For cardiovascular events, 22 out of the 27 trials [2023,2528,30,3236,3946] reported at least one cardiovascular event; thus, they were judged suitable for inclusion in the meta-analysis. Among the 6,734 PD patients, the mean age was 63.8 years and 41.1% were female. Eight trials [21,22,24,28,34,36,39,46] dealt with patients with early PD, twelve trials [20,23,25-26,29-33, 35,42,43] dealt with advanced PD and two trials [27,41] included both stages of PD patients. Sixteen trials [2023,25,26,32,33,35,39,4146] were defined as short-term (within 24 weeks) with regard to the duration of follow-up. In the random effects model, patients treated with non-ergot DAs did not show any significant difference with regard to the risk of cardiovascular events compared to patients taking a placebo (random effects RR: 1.067, 95% CI: 0.663–1.717; p = 0.789) (Figure 4).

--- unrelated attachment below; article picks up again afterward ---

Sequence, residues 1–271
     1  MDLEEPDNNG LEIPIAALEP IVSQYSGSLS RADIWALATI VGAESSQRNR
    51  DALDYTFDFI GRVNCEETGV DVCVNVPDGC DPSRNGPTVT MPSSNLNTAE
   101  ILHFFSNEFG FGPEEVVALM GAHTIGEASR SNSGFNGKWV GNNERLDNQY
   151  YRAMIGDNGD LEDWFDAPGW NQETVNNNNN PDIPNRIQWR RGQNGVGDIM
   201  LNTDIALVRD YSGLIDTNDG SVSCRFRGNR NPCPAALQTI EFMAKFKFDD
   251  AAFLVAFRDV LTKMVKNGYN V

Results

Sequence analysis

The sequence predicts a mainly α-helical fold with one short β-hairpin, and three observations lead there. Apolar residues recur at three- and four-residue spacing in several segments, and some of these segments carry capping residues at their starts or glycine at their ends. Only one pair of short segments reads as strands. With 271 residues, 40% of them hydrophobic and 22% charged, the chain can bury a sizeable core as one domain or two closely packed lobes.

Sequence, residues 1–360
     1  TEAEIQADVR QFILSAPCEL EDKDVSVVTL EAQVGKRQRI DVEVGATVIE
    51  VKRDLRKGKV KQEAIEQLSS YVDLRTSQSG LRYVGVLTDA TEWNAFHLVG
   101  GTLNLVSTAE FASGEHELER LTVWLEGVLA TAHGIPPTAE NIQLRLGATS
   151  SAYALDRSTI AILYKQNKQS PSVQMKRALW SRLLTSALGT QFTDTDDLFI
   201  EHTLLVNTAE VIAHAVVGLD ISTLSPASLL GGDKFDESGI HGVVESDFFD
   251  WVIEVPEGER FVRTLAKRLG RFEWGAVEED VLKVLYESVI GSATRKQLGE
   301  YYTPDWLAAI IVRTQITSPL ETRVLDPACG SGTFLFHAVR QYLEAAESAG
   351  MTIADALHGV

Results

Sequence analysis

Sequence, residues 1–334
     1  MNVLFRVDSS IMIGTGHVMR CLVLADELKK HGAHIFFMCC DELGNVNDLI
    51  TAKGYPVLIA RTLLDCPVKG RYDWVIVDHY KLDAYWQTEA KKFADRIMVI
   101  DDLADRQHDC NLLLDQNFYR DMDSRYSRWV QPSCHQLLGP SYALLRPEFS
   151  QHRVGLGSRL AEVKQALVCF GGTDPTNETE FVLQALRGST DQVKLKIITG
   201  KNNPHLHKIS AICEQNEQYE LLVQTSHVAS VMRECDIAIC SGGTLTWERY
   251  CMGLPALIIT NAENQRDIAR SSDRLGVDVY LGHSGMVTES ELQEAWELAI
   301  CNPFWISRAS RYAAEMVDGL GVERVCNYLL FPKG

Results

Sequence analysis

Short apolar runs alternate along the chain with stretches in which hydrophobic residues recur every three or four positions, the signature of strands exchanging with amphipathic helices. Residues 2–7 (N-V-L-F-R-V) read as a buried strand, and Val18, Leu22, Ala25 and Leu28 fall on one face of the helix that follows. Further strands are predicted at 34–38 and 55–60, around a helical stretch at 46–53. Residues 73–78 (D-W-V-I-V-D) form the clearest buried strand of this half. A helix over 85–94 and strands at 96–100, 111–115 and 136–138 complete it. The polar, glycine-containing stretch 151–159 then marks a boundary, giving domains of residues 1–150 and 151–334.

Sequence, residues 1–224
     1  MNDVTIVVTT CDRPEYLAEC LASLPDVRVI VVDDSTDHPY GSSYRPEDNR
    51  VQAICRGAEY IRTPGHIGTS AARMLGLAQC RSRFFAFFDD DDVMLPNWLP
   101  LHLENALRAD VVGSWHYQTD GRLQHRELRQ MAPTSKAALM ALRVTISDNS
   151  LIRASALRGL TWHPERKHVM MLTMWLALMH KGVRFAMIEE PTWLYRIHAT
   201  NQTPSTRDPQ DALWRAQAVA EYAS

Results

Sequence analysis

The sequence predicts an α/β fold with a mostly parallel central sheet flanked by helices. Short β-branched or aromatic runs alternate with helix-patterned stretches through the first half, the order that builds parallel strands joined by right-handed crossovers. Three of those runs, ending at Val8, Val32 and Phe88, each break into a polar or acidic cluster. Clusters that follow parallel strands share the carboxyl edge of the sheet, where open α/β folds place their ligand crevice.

The proportion of PD patients who experience heart failure is higher than among those without PD, probably due to autonomic dysfunction and neurohormonal dysregulation, which have been well demonstrated in PD [4749]. Thus, careful evaluation regarding cardiovascular safety of anti-Parkinson medications is a crucial issue. Concerns arose from isolated reports that highlighted that non-ergot DAs may precipitate heart failure, judging from the quite worrying information provided in this regard by several case reports [50] and observational case-control studies [1417]. In particular, three different case-control studies showed that pramipexole increased the risk of heart failure (HF). First, Mokhles et al. found that this increased risk was especially high during the first months of treatment in PD patients over the age of 80. Renoux et al. [16] also highlighted a higher risk of HF with pramipexole compared to the other DAs used in treating PD and restless legs syndrome. According to these authors [16], in a cohort of 26,814 subjects taking DAs, the incidence rate of HF increased with the current use of a DA; in particular, it was significantly higher for pramipexole and cabergoline, whereas it was not significantly increased by ropinirole. The increased risk for HF associated with pramipexole was, however, not significant, when compared with all DAs taken collectively. Therefore, we can infer that the increased risk of HF is not a class effect, and the ergoline structure is likely not be implied in this complication, since the deterioration in pump function would occur in both ergot-derived (cabergoline, pergolide) and non-ergot related (pramipexole) DAs. Hsieh and Hsiao [17] studied the risk of DA-related HF among Asian patients. They found an increased, but nonsignificant, risk with pramipexole proportional to the duration of use. In this study, HF was not found in patients with a history of peripheral edema, with the mechanism most likely being different. In addition to a high affinity for the dopamine D2, D3, and D4 receptors, pramipexole is also an alpha-2-adrenergic receptor agonist [51,52]. Thus, it is possible that pramipexole directly activates the α2-adrenergic autoreceptors, thereby reducing adrenergic tone and myocardial contractility. Consequently, in September 2012, the US Food and Drug administration warned of a possible increased risk of heart failure with pramipexole use in PD patients [13]. However, the limitations inherent in observational studies (in particular, detection bias, interference by known or unknown confounding factors, confounding by indication, etc.) make it difficult to determine whether the excess of a given pathologic event, e.g. heart failure is related to the drug or to other determinants. Therefore, no conclusion was reached by the FDA in this regard, and the warning released in September 2012 was not followed by actions aimed at its marketing limitation or by restrictions concerning the drug’s therapeutic indications. Contrary to some [1517], but not all, observational studies suggesting that several nonergot Das, such as pramipexole, may increase the risk of heart failure, we did not observe a significant increase in the risk of heart failure associated with non-ergot DAs, as a class or individually, in an RCT setting. This discrepancy may be because observational studies tend to be more vulnerable to confounding by underlying comorbidities and detection bias, i.e. physicians may preferentially prescribe non-ergot DAs to PD patients with poor cardiac function (so-called confounding by indication) and pay more attention to monitoring the symptoms of heart failure. As a result, the users of non-ergot DAs would be more likely to be diagnosed with incident heart failure. Our meta-analysis revealed similar rates of all-cause mortality among PD patients receiving non-ergot DAs compared to those receiving only a placebo (Figure 3). Furthermore, the use of non-ergot DAs was shown not to be associated with an increased risk of cardiovascular events, including myocardial infarction or ischemic stroke (Figure 4). Thus, our results seem to affirm the substantial cardiovascular safety of non-ergot DAs, even among PD patients with a higher prevalence of heart failure and cerebrovascular disease [53,54].